Shortages and sickness in flood-hit Pakistan

STORY: A wedding hall in the Pakistani town of Johi once received hundreds of joyful revellers.

Now, it is receiving hundreds of sick patients, suffering from the effects of flooding that has inundated Pakistan, leaving the country battling with a relief and rescue operation of near unprecedented scale.

Johi in the hardest-hit Sindh province, remains cut off from road access.

Roshan Ali Khan is a doctor at the makeshift clinic which provides treatment free of charge.

He says it is treating up to 800 patients a day.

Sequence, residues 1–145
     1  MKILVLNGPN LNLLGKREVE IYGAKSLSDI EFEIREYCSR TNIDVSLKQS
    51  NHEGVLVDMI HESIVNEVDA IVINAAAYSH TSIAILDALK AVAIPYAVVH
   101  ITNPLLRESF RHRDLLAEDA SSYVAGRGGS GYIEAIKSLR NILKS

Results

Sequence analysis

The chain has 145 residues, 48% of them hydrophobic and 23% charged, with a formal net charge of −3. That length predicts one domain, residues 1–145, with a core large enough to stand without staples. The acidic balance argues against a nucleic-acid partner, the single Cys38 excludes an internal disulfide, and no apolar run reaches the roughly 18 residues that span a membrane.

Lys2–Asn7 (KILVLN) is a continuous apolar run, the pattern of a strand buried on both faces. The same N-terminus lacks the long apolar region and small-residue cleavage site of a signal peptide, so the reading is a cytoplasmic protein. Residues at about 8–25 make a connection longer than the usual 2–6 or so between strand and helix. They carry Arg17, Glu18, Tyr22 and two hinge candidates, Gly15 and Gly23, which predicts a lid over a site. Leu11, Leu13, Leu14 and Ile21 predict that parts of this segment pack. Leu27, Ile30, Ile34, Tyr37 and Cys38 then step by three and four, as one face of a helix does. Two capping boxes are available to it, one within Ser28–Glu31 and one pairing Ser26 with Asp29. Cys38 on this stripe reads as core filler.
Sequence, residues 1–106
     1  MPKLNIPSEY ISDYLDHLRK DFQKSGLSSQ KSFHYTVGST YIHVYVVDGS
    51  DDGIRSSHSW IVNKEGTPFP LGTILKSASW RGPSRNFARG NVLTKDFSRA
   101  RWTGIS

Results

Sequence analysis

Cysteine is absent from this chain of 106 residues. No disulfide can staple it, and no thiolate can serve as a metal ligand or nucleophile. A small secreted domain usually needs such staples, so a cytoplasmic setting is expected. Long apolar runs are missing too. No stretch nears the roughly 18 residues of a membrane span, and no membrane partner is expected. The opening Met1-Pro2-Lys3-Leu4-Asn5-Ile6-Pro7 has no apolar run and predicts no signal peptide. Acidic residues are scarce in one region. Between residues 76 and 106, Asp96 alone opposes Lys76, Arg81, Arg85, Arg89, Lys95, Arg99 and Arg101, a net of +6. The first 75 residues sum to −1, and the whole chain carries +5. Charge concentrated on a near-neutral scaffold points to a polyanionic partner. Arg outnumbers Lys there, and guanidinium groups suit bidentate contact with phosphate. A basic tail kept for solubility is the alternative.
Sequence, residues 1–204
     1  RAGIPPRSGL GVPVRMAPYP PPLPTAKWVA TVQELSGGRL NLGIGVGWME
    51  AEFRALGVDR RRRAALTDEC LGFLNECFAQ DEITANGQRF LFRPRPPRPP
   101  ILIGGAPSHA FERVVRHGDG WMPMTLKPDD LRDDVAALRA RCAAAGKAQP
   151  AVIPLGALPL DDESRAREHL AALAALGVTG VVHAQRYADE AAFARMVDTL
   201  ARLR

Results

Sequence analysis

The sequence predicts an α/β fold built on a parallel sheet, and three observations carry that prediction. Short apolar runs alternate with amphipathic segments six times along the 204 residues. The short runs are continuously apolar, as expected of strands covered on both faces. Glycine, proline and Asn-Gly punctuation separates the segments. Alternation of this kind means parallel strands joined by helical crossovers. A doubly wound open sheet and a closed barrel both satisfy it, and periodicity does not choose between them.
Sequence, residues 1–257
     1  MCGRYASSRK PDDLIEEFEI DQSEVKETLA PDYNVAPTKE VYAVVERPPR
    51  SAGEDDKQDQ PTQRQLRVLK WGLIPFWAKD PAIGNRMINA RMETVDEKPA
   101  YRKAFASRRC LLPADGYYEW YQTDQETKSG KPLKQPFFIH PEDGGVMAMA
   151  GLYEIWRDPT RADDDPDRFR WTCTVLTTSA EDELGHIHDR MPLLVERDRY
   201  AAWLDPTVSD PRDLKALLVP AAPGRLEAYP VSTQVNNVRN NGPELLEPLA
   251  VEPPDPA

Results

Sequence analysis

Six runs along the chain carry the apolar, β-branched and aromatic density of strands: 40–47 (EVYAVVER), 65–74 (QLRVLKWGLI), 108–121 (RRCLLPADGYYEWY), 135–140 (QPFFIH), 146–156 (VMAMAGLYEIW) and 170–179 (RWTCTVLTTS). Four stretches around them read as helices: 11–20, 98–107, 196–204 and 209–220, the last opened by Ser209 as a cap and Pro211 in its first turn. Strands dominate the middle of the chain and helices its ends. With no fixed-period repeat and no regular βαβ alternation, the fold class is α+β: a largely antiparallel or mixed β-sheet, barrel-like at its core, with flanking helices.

Record monsoon rains and melting glaciers in the northern mountains bought floods that have killed over 1,200 people.

And the death toll continues to climb.

On Saturday(September 3), 57 more deaths were reported, including 25 children.

The floods, which have been blamed on climate change, inundated a third of the South Asian country.

Residents say their biggest concern is now the lack of food.

This man says all the crops in the area have been destroyed.

Many areas are still cut off by flood water.

In Balochistan, Pakistan’s army is delivering aid by helicopter.

The province has seen widespread devastation, including the washing away of key rail and road networks as well as breakdowns in telecommunications and power infrastructure.

Initial estimates of the damage across the country have been put at $10 billion.

Aid has flowed in from a number of countries, but charities in Pakistan have warned that there are still millions who have not been reached by aid and relief efforts.